The glucoraphanin content in raw broccoli was 10.68 µmol/g broccoli powder and cooking did not significantly reduce content (9.97 µmol/g) (Fig. 1). Sulforaphane was low in raw broccoli (0.57 µmol/g DW) with significantly higher levels of sulforaphane nitrile (9.9 µmol/g DW). Cooking of broccoli did not increase the concentration of sulforaphane (0.58 µmol/g DW) compared to raw (Fig. 1), probably as cooking inactivated the endogenous myrosinase activity. However, the addition of mustard seed powder (2%) to cooked broccoli significantly (P < 0.05) increased sulforaphane formation from 0.58 to 10.90 µmol/g DW. Although sulforaphane nitrile level increased after the addition of mustard seeds (0.05 vs 0.69 μmol/g DW), this increase is low compared to the level formed in broccoli before cooking (0.69 vs 9.9 µmol/g DW).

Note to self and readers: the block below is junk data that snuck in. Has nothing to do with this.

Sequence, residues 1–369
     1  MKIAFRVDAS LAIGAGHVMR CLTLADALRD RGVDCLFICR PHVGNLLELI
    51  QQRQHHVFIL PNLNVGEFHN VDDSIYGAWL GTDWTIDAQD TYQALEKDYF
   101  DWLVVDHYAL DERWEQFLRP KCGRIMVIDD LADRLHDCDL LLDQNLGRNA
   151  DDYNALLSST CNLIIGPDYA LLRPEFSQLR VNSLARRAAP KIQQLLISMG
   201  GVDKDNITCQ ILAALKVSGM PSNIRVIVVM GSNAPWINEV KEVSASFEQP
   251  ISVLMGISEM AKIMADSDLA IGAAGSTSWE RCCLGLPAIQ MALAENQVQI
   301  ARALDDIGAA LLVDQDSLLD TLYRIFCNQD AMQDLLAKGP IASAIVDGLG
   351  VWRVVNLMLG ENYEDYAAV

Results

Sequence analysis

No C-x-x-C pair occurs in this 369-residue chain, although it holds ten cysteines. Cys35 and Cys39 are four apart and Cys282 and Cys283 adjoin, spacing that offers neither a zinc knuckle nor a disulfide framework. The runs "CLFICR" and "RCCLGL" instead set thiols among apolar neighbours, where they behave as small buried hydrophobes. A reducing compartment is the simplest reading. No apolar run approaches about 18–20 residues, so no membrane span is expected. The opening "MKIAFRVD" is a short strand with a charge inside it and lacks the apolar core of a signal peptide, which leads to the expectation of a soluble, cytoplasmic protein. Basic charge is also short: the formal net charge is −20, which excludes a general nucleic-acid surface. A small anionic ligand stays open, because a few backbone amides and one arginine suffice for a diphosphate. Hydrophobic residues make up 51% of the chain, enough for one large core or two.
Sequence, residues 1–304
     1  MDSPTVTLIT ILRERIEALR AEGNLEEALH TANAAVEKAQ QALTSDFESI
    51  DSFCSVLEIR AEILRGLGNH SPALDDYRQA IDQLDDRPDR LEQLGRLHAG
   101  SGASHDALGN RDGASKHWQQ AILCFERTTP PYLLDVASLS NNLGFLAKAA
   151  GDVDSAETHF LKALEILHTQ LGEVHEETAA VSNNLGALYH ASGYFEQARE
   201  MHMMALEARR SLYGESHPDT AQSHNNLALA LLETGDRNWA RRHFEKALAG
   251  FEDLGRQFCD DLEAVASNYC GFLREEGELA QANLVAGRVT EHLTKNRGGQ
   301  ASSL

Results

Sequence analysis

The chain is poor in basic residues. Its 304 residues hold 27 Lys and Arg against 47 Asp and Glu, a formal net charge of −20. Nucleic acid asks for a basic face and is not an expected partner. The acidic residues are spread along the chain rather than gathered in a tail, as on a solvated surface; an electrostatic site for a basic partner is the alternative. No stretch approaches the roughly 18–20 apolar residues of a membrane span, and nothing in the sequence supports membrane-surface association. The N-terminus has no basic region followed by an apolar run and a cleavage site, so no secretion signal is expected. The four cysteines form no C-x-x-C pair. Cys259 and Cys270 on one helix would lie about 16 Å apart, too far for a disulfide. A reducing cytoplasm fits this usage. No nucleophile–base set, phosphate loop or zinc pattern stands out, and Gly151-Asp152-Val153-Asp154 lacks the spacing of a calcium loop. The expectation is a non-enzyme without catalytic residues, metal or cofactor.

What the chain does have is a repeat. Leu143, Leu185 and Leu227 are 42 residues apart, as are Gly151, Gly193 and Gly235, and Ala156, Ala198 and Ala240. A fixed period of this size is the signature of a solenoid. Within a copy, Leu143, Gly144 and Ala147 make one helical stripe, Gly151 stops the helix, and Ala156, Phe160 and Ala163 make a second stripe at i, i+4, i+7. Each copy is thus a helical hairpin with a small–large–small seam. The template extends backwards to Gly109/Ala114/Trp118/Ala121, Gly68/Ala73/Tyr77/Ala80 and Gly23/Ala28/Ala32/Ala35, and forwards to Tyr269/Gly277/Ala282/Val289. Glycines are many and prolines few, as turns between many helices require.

Fig. 1
figure 1

Glucoraphanin, sulforaphane and sulforaphane nitrile contents in raw, cooked (100 °C for 12 min) broccoli, and cooked broccoli after the addition of mustard seed powder (MS)

Sulforaphane content in broccoli soups

Following the initial studies, a broccoli soup was prepared which contained 26.5 µmol of sulforaphane per 200 ml portion (0.13 µmol/ml soup). The addition of 2% mustard seed powder at the cooling stage of the soup preparation process (~ 60 °C) increased the level of sulforaphane by nearly fourfold in the soup, 102 µmol per 200 ml portion (0.51 µmol/ml soup).

Antimicrobial activities of broccoli sulforaphane extracts